Judge Neureiter's unusually strong dismissal of this suggestion came down on August 7, mere days before the RTD board's scheduled discussion of the resolution regarding Allied, put forward by District B director Shontel Lewis. There's no direct reference to the Stinnett situation, but one section states that "the RTD's Civil Rights Division’s core objectives are to provide our passengers, employees, business partners, contractors, and communities with equal opportunity and access to public transit services, and...a commitment to promoting fairness, excellence, and professional integrity throughout all its initiatives." Another acknowledges "the historical trauma and harm that Black communities have experienced at the hands of police and security personnel."
Westword reached out to every RTD boardmember to get a sense of the possible response to this resolution but heard back from fewer than half; an RTD spokesperson explained that several members wanted to wait to share their thoughts until after tonight's presentation.
In the meantime, however, District A's Kate Williams notes via email that "I am a co-signer on this resolution. I want to have open and transparent discussion on the subject. I am unsure that the resolution as it stands is the best solution, but obviously we have to start somewhere. I believe that transportation is a social determinate of health — that it underlies quality of life. A food bank is no good if you can't get to it. Mental services are no good if you can't get to them or they can't get to you. That's why I do the work that I do in the field of transportation for older adults and persons with disabilities. I will speak to those concepts on Tuesday night."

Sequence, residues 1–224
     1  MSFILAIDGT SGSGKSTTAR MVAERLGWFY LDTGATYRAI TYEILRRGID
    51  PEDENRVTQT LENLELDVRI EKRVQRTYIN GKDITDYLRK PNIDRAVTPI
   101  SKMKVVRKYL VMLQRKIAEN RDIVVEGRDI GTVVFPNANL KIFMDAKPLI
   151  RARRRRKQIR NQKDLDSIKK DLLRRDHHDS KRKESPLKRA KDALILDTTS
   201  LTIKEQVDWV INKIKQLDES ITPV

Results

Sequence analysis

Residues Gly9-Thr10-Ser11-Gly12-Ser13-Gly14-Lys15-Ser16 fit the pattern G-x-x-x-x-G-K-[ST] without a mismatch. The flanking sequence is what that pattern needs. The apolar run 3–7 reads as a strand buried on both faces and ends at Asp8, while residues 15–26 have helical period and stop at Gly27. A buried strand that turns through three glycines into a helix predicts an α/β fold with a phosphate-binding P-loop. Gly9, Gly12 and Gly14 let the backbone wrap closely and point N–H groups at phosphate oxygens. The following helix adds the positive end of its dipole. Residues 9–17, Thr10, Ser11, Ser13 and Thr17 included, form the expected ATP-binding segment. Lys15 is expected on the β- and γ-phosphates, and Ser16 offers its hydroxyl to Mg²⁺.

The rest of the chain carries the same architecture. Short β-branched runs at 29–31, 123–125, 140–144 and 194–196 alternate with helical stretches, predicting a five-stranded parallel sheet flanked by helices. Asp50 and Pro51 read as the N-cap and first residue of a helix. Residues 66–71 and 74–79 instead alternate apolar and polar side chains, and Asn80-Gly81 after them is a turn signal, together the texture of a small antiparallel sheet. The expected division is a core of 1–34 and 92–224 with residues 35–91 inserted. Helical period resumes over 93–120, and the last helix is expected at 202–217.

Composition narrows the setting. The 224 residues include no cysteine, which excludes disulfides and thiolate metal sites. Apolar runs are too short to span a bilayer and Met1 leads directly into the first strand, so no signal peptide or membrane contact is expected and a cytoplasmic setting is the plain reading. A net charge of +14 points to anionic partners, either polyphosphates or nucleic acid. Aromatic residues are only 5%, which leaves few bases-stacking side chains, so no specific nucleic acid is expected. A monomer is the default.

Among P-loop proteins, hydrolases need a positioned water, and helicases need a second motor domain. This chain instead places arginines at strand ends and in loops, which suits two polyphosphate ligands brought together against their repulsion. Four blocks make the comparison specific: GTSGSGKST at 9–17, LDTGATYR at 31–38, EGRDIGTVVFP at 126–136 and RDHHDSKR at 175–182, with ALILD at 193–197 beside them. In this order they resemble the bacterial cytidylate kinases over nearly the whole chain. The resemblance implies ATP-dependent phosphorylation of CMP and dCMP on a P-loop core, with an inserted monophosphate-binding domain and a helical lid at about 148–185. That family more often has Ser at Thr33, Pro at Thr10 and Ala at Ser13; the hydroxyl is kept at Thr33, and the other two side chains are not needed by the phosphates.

District D's Jeff Walker supports talking about the resolution, too, while District F's Bob Broom says he does not yet have a position. District G's Ken Mihalik opposes it because "there are, unfortunately, very serious crimes that occur where a counselor, or community monitor, will be of no use," he says.
We Believe Local Journalism is Critical to the Life of a City
Engaging with our readers is essential to Westword's mission. Make a financial contribution or sign up for a newsletter, and help us keep telling Denver's stories with no paywalls.
Support Our Journalism
District I's Judy Lubow writes, "I do not support the current resolution. It is too expensive and the necessary work hasn't been done to determine the actual extent of the problem and what the best solutions would be." However, she adds, "I support re-looking at the Allied contract, especially to ascertain the best mix of services to pay for and use to give our customers and staff the safest and most productive transit experience."
District M's Natalie Menten reports that she's spoken to numerous bus drivers and rail operators who oppose the resolution, and most of the passengers who mention security to her want more of it, not less. "I would be very concerned if we were putting money into things that I would call outside of our duties," she says. "We have a budget issue, and we're a transportation service: Putting the rubber on the road is what we're tasked with. So if we're right now looking at even further substantial service reductions, any savings found in a contract reduction should be going to that. It shouldn't be going to a new set of employees who are out doing mental health work, which we're not tasked with under Colorado revised statutes."
The meeting of RTD's Operations & Customer Service committee, whose agenda includes the resolution, gets under way at 5:30 p.m. tonight, August 11; the remote event can be accessed using the conference dial-in number 855-962-1128.